Natural 'Worm' Composts May Help Protect the Future Food Supply
Many are not aware that one of the reasons why the conventional agribusiness food system has emerged as a major threat to your health is because it is contributing to the destruction of the world's topsoil. According to an article in Time World,8 soil erosion and degradation rates suggest we have only about 60 remaining years of topsoil. Forty percent of the world's agricultural soil is now classified as either degraded or seriously degraded; the latter means that 70 percent of the topsoil is gone.
Our soil is being lost at 10 to 40 times the rate it can be replenished, and our food production systems are to blame, which epitomizes the term "unsustainable." It takes decades or even centuries to regenerate significant levels of soil.
Agriculture accounts for 70 percent of our fresh water use. When the soil is unfit, water is wasted – it washes right through the soil and past the plant's root system. We already have a global water shortage that's projected to worsen over the next 20 to 30 years, so this is the last thing we need. Soil degradation is projected to cause a 30 percent loss in food production over the next 20 to 50 years – while our global food demands are expected to increase by 50 percent over this span of time.
Many don't realize that soil is alive and has an incredible diversity of microorganisms. One handful of soil contains more microbes than the number of people who have ever lived on our planet. Just as we are beginning to more fully appreciate the importance of beneficial bacteria in our gut in our own health, there is emerging evidence that beneficial bacteria in the soil are crucial to break down nutrients and make them available to the plants so they can be optimally healthy and resist disease and pests.
These organisms create a powerful synergy with the plants and recycle organic material, making the soil more resilient and better at holding water and nutrients, and better at nurturing plants. Microbes need carbon for food, and we're depleting our soil of this element by using chemical fertilizers, overgrazing, over-ploughing, and burning stubble in fields to accelerate crop turnover.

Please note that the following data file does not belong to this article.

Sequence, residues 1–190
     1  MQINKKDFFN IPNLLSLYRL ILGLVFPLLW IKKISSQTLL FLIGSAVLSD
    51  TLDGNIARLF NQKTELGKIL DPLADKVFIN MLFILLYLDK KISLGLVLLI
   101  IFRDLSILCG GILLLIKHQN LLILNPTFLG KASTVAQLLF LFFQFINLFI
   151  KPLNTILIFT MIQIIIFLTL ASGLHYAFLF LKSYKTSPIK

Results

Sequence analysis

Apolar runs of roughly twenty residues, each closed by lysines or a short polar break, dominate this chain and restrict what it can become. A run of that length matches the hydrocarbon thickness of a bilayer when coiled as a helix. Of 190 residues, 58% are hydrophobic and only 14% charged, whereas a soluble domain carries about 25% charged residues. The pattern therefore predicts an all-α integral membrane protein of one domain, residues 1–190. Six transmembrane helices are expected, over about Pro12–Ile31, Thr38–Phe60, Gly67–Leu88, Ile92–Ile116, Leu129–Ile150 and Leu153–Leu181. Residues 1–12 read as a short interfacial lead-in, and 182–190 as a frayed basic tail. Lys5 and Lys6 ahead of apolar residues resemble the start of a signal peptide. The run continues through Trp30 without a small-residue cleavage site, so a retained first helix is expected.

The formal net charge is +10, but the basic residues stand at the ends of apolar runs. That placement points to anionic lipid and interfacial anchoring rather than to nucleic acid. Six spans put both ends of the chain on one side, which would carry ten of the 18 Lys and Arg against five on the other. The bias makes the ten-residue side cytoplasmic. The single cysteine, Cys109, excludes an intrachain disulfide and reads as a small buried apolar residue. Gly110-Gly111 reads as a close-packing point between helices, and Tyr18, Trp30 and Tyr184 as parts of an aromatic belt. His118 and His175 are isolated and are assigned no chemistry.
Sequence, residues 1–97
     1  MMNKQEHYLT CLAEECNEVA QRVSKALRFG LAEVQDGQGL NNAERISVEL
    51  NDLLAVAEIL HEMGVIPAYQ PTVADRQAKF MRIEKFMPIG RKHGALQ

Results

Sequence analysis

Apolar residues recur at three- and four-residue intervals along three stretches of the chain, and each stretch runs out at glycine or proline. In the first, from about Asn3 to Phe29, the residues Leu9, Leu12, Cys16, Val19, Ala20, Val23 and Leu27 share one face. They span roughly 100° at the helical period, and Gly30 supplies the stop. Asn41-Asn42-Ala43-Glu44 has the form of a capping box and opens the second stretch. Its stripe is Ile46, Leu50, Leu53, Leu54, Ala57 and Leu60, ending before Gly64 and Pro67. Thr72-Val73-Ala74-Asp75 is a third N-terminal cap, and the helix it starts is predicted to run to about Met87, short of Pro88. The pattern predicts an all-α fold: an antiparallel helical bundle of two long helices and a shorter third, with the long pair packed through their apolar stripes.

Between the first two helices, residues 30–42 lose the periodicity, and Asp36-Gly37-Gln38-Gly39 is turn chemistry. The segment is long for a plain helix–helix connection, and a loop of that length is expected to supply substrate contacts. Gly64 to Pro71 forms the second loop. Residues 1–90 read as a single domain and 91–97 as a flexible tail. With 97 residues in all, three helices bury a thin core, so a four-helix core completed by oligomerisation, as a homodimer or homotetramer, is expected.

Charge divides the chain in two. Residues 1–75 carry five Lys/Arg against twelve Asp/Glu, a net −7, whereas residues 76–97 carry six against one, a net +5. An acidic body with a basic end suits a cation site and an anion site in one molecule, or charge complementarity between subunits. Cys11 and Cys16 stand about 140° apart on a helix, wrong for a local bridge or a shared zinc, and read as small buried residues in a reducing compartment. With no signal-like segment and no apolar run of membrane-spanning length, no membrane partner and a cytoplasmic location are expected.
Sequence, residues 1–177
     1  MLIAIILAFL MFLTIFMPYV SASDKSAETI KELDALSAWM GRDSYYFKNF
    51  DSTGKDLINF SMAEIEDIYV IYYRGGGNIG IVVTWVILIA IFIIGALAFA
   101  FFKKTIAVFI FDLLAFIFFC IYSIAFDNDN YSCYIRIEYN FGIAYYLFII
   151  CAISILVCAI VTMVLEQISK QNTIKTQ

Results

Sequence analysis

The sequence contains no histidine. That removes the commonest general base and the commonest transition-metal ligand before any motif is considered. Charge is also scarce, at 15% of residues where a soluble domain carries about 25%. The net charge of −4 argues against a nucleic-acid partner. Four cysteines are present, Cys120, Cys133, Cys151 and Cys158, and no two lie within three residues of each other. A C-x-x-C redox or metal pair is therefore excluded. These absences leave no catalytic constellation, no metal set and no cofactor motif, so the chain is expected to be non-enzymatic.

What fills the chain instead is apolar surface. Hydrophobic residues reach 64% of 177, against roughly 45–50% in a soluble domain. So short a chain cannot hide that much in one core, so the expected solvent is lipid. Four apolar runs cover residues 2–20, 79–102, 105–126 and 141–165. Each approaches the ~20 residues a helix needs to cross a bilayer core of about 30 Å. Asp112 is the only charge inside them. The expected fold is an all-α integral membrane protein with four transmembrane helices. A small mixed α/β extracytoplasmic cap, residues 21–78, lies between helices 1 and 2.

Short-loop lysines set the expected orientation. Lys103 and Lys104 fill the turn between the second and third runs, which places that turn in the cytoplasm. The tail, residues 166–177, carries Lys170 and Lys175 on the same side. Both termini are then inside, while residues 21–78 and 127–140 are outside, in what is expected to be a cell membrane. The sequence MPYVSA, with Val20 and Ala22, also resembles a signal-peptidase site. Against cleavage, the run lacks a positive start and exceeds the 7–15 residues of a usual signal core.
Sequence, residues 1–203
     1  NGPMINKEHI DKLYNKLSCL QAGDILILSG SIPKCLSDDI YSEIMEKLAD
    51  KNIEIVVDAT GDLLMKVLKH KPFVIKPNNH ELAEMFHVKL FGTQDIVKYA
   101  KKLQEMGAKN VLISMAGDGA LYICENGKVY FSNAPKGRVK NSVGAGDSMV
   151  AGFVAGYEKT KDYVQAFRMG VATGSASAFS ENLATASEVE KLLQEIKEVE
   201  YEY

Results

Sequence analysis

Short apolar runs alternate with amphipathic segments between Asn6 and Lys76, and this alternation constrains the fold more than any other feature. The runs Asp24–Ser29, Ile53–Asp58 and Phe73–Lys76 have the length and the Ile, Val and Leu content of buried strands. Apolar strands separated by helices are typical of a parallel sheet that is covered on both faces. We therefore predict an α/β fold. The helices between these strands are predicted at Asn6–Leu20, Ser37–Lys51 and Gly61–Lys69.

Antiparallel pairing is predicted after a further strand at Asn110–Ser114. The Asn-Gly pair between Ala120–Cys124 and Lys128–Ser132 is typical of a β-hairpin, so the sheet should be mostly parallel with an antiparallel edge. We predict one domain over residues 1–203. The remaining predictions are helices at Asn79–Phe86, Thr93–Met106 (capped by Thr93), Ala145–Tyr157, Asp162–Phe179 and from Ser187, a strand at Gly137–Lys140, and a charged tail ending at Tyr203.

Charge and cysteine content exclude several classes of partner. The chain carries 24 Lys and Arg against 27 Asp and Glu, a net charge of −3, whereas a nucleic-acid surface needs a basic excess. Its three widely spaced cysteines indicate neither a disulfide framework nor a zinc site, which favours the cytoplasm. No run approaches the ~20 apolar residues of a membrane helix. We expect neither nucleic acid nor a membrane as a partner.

Genetically Modified Crops Further Depleting the Soil
Add to this genetically modified (GM) crops, and our soil (and future food supply) is dealt another deathblow, as the latest science seems to suggest GM plant cultivation may seriously disrupt soil ecology by reducing microbial diversity, which decreases soil fertility over time – possibly irreversibly.9 Until the industrial farming complex reverts back to a traditional model that works with the laws of nature instead of against them, more natural solutions for soil restoration, like vermicompost, are urgently needed.
Yet Another Reason for Buying Organic…
Organic agricultural practices promote ideal soil conditions, while conventional farming methods threaten to completely deplete our soils worldwide, which will only worsen nutrition as time goes on. This is vital, since the continued destruction of our soils will ultimately lead to the demise of the entire food system.
In order to qualify as certified organic, a product must be grown and processed using organic farming methods that recycle resources and promote biodiversity. Crops must be grown without synthetic pesticides, bioengineered genes, petroleum-based fertilizers, or sewage sludge-based fertilizers. Eating organically and supporting farms whose practices are sustainable is currently one of the best ways to protect your health, the environment and the very future of our food supply.
As an aside, if you do decide to give vermicompost a try, either in your own garden or by purchasing products grown with it, be sure it is from a reputable company. The market is currently unregulated and no industry standards exist, so product quality varies widely.